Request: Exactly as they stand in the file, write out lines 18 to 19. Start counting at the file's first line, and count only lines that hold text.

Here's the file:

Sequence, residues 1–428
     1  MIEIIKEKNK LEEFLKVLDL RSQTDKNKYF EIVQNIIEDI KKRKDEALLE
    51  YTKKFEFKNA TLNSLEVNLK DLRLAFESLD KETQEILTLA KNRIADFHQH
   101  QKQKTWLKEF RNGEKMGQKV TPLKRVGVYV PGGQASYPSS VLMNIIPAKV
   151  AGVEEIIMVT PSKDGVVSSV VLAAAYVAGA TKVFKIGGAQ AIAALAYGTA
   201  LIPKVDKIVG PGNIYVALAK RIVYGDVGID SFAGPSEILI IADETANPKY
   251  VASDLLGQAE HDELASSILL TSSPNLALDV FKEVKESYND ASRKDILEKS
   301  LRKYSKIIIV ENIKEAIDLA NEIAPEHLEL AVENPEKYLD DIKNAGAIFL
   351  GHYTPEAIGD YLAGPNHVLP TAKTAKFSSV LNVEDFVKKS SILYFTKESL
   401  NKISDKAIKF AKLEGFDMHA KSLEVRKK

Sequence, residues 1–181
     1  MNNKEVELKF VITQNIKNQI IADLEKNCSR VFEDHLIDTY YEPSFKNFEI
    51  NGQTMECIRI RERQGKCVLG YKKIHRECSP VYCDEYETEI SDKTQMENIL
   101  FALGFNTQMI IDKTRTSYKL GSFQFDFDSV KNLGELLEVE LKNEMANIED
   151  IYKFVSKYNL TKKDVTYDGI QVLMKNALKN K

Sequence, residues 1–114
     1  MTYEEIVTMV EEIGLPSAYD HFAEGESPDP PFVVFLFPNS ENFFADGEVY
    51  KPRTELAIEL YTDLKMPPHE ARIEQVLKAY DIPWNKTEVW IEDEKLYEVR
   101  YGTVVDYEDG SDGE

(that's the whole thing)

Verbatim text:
    51  KPRTELAIEL YTDLKMPPHE ARIEQVLKAY DIPWNKTEVW IEDEKLYEVR
   101  YGTVVDYEDG SDGE